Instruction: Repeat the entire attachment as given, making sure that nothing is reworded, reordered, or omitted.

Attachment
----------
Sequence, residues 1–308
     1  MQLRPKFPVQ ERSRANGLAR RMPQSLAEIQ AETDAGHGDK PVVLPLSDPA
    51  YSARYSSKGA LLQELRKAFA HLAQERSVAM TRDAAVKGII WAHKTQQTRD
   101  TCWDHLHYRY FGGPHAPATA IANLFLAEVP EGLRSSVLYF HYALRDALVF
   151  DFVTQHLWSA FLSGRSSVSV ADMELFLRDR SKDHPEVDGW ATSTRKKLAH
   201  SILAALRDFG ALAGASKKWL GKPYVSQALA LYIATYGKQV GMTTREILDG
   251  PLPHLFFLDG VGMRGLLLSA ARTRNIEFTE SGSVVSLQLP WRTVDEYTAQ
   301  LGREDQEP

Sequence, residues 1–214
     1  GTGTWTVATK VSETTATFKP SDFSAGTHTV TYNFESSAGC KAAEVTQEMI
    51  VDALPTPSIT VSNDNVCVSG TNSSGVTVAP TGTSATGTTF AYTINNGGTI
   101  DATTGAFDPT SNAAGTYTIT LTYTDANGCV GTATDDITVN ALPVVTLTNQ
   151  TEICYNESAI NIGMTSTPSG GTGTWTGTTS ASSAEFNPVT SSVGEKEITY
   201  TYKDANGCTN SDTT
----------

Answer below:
Sequence, residues 1–308
     1  MQLRPKFPVQ ERSRANGLAR RMPQSLAEIQ AETDAGHGDK PVVLPLSDPA
    51  YSARYSSKGA LLQELRKAFA HLAQERSVAM TRDAAVKGII WAHKTQQTRD
   101  TCWDHLHYRY FGGPHAPATA IANLFLAEVP EGLRSSVLYF HYALRDALVF
   151  DFVTQHLWSA FLSGRSSVSV ADMELFLRDR SKDHPEVDGW ATSTRKKLAH
   201  SILAALRDFG ALAGASKKWL GKPYVSQALA LYIATYGKQV GMTTREILDG
   251  PLPHLFFLDG VGMRGLLLSA ARTRNIEFTE SGSVVSLQLP WRTVDEYTAQ
   301  LGREDQEP

Sequence, residues 1–214
     1  GTGTWTVATK VSETTATFKP SDFSAGTHTV TYNFESSAGC KAAEVTQEMI
    51  VDALPTPSIT VSNDNVCVSG TNSSGVTVAP TGTSATGTTF AYTINNGGTI
   101  DATTGAFDPT SNAAGTYTIT LTYTDANGCV GTATDDITVN ALPVVTLTNQ
   151  TEICYNESAI NIGMTSTPSG GTGTWTGTTS ASSAEFNPVT SSVGEKEITY
   201  TYKDANGCTN SDTT